All my baked goods were going to taste like sand, you guys.
As a result, I got reactive. It was as if I was the one who would have to deal with the agonizing consequences if gluten even so much as graced my lips. Not in a super aggressive way – but probably in a noticeable way – I feel that I pushed Laura, at times. I found myself verbally asking out loud, things like “What does gluten actually do to your body, though? Like what are your symptoms?” with a certain tone, as though a) she owed me any justification for her illness or b) somehow she had to be at risk of immediately dying for it to register as an actual problem.
But in her own special abrupt yet gentle way, she helped me see the light. She talked about joint pain, energy levels, how gluten even affected her mental health and her whole immune system and her organs and basically allthethings in her life.
Slowly, I began to understand. This was a real thang.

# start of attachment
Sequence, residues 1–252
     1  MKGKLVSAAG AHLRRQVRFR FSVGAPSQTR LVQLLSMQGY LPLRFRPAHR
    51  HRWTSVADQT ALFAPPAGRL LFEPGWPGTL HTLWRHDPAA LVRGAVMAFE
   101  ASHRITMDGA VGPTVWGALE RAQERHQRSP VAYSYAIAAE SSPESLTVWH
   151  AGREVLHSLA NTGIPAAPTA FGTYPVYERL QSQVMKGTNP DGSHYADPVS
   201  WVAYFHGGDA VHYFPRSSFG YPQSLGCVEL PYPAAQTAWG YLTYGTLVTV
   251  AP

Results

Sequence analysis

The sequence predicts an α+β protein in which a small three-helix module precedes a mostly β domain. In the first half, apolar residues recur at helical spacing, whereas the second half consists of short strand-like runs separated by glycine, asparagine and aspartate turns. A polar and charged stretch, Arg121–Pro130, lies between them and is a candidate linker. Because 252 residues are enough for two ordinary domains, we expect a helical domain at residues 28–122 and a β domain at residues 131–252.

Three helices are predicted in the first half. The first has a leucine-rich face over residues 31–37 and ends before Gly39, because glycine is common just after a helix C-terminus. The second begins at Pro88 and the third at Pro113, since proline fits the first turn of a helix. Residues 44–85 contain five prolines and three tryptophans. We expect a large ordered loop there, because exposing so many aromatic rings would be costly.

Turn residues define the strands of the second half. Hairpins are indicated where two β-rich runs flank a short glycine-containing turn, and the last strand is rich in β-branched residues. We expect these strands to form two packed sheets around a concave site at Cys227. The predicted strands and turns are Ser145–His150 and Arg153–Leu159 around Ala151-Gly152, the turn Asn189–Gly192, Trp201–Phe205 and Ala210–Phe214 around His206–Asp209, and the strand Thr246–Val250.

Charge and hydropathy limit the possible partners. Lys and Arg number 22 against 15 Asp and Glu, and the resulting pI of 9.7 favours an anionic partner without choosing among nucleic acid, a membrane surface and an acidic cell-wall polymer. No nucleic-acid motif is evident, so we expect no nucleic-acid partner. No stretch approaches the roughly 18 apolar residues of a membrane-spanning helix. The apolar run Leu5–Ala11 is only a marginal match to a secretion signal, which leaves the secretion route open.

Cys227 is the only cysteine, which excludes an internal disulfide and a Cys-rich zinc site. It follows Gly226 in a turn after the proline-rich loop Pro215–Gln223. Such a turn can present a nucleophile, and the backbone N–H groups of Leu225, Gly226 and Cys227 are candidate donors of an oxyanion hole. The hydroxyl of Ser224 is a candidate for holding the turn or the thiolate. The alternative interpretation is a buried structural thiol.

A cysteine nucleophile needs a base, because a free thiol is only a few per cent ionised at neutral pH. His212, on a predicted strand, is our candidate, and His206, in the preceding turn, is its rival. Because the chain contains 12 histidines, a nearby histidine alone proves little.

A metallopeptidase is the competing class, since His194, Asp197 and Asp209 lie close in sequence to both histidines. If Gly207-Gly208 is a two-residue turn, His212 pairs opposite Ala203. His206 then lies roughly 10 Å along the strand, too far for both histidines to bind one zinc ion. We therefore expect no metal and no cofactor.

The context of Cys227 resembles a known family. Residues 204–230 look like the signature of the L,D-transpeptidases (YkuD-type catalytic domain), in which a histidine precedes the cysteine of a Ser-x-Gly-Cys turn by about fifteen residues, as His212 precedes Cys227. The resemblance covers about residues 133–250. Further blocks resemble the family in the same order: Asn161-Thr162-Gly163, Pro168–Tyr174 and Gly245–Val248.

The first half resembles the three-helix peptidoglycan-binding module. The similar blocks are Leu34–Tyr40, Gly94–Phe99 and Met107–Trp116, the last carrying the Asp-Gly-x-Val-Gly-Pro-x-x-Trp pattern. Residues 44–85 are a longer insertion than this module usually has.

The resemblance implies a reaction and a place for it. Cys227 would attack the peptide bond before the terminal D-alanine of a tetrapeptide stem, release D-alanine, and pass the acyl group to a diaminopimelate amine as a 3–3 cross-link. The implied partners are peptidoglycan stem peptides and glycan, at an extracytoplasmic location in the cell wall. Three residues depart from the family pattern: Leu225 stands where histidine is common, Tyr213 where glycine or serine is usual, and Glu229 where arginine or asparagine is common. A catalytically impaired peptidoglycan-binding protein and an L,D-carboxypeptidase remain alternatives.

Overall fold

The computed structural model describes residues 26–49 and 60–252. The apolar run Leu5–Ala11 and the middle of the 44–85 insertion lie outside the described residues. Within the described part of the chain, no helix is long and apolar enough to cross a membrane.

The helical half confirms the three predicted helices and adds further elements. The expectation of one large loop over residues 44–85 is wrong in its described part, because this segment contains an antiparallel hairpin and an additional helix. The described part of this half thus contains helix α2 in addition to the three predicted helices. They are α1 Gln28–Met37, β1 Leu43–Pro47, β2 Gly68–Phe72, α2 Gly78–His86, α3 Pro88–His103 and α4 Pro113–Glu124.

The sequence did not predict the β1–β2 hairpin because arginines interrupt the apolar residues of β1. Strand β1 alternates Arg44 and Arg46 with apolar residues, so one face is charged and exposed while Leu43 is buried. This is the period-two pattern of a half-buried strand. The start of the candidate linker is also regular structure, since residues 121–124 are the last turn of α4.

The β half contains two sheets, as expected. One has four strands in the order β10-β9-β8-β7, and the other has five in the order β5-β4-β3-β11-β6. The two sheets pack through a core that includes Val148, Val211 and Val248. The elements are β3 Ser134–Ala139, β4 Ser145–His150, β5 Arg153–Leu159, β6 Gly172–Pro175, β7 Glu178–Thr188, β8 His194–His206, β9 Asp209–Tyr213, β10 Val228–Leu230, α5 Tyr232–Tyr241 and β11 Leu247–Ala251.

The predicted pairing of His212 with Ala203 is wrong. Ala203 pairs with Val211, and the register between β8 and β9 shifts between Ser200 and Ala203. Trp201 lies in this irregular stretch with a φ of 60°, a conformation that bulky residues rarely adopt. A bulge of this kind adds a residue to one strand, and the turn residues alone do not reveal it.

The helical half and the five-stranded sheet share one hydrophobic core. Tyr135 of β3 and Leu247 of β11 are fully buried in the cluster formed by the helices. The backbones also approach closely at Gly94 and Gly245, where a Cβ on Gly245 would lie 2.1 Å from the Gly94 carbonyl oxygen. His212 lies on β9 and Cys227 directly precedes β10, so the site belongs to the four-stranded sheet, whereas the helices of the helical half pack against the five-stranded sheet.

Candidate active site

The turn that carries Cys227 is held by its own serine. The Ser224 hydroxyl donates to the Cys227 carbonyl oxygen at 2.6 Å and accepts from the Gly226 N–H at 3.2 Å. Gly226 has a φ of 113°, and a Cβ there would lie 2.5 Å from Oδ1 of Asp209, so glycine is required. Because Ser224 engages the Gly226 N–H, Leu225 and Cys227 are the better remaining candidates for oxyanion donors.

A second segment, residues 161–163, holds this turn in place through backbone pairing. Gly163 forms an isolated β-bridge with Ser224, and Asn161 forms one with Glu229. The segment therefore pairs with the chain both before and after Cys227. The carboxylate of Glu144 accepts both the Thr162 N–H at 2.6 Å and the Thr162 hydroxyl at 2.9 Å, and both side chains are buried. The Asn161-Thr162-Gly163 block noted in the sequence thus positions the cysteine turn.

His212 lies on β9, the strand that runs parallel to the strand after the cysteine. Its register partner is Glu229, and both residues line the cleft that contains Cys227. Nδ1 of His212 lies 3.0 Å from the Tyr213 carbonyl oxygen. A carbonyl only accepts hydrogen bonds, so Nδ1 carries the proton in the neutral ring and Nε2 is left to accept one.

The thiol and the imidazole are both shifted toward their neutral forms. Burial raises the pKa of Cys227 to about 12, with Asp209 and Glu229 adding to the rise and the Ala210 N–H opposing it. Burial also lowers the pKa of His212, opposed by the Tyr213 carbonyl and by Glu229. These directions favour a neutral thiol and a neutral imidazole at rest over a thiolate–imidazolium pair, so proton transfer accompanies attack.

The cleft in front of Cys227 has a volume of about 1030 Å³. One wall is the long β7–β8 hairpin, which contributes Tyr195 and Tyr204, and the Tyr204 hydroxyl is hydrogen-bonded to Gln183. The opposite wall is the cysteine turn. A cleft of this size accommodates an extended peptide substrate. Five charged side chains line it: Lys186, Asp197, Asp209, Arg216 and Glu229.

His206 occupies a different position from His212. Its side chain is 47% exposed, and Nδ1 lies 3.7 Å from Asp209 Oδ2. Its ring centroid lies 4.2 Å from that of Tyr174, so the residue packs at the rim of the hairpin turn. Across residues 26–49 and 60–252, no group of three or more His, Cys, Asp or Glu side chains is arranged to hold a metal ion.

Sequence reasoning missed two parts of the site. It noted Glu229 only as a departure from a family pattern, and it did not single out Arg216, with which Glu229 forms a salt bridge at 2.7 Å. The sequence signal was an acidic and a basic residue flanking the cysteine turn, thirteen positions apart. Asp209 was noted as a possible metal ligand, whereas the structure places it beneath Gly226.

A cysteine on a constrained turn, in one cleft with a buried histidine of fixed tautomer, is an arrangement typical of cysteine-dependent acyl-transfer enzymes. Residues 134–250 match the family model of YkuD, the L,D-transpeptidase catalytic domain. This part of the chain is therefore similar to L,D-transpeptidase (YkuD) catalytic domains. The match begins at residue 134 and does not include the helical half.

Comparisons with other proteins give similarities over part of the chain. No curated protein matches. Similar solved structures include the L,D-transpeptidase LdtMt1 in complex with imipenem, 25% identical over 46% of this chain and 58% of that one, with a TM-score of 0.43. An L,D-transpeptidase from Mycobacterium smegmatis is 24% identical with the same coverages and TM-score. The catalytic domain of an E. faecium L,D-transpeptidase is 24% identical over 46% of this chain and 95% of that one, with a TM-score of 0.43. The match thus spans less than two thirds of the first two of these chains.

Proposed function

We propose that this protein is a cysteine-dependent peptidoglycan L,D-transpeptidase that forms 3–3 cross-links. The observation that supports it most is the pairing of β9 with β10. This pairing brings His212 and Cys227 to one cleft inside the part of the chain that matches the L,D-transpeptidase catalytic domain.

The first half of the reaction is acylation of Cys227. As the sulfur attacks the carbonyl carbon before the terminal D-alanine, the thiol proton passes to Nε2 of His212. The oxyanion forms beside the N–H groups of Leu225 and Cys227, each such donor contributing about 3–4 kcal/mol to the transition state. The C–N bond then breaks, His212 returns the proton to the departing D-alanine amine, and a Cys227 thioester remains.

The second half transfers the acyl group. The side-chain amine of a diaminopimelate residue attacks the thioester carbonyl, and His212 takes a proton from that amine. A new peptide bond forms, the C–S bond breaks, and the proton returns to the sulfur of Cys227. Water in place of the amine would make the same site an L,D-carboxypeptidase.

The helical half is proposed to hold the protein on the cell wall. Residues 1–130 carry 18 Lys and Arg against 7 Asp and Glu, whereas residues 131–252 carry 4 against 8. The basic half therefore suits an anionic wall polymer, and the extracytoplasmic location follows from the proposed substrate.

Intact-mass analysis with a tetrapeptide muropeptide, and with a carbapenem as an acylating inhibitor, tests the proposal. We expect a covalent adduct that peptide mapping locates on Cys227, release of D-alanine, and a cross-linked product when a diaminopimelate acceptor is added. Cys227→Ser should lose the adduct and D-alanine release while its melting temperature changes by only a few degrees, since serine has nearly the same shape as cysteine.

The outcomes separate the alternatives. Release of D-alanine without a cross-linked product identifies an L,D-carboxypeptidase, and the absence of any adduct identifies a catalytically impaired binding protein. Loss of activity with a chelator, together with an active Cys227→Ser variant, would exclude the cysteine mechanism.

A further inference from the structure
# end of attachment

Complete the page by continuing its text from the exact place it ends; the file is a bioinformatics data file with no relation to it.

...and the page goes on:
Slowly, I found recipes that we could all enjoy (but then she would complain about sugar being toxic – #eyeroll ;)).
And then, one day, this cake.
I don’t even remember how I discovered it, but it was a game changer.
Even people who adore gluten LOVED. IT.
…even more than Normal Chocolate Cake.
…Which I don’t even make anymore, because this cake is actually all you need. In life. Ever.
Forget money. Forget relationships. Eat this cake instead of all those things.
Not only does it not have any gluten; it doesn’t require any expensive flour blends or xanthan gum.
But it’s so dense and moist and deeply chocolatey, you insist. What’s the secret ingredient?
Well it’s already in the title so there’s no point in furthering the dramatic pause.
It’s quinoa, y’all.
As in, cooked quinoa.
That stuff that looks like little ball-shaped rice and has a bunch of protein in it.
All blended up to heck with other wholesome ingredients like coconut oil and cocoa powder (and sugar).